A firefighter in South Korea is part of an effort to save this woman’s life as she teeters on the railing, contemplating whether or not to jump and end her life. His solution may be a little unorthodox, but it’s hard to fault the guy for saving a woman’s life.
While suicide is a widespread problem across the world, many people think of Japan as having the highest number of suicides in Asia. While statistics and rankings here often change year by year, South Korea has been higher on the list than Japan when it comes to suicides, especially among women. Historically, South Korea comes out at the second worst country for suicides, though in 2015 it went down to number 10, most likely due to a concerted effort to reduce suicides in 2014 by the South Korean government.
Unlike this video, suicide among the elderly is actually quite common in South Korea, largely due to the fact that over half of the nation’s elderly live under the poverty line. Add hunger and inaccessibility to basic needs, on top of being a financial burden to their family — suicide is often their choice of a “solution.”
In South Korea, women are more prone to attempt suicide, but men are generally more successful at doing it. Tight gun laws govern the country, so using guns to commit suicide is relatively rare — only one-third of South Korean suicides are violent in this way. The mass majority of suicides occur from some type of pesticide poisoning — according to the World Health Organization (WHO), around “three million cases of pesticide poisoning occur [worldwide] every year, resulting in an excess of 250,000 deaths.” They also mention that, “In attempted suicide, which is considerably more frequent than completed suicide, pesticide poisoning results in temporary or permanent disability.”
Other common methods of suicide in South Korea include hanging and of course, as seen in this video, jumping from a high place.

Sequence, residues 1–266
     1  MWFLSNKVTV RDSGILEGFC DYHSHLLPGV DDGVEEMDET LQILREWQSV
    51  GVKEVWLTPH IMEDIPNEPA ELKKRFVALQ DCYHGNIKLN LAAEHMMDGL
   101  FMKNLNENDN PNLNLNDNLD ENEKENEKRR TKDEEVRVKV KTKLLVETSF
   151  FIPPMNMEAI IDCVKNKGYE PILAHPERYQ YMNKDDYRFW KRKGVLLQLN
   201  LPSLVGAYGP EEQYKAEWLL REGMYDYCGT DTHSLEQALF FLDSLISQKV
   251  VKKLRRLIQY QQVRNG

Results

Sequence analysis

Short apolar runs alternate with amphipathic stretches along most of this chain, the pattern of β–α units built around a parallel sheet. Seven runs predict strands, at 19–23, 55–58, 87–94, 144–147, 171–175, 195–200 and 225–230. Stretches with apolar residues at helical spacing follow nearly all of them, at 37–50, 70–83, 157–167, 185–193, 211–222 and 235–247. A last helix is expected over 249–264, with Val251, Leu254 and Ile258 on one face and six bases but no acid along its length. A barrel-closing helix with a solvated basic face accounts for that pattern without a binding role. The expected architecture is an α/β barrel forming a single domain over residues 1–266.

Former South Korean president Roh Moo-hyun, who was in office over South Korea from February 2003-February 2008, killed himself in 2009. After his presidency was over, multiple investigations regarding corruption and bribery permeated every aspect of his life, leading to interviews with himself, his wife, son and friendly politicians from when he was the president. Due to this and many other factors, Roh committed suicide by jumping off a 150 ft mountain-top called Bueong’i Bawi. He was found alive, but died in the hospital later. His suicide letter read:
I am in debt to so many people. I have caused too great a burden to be placed upon them. I can’t begin to fathom the countless agonies down the road. The rest of my life would only be a burden for others. I am unable to do anything because of poor health. I can’t read, I can’t write. Do not be too sad. Isn’t life and death all a part of nature? Do not be sorry. Do not feel resentment toward anyone. It is fate. Cremate me. And leave only a small tombstone near home. I’ve thought on this for a long time.”
As South Korea continues in their efforts to lower suicide rates, they might need to depend on more practical men and women like the firefighter in this video, as will many other countries who need a little tough love to save a life.
Video and featured image courtesy of YouTube, image altered by author.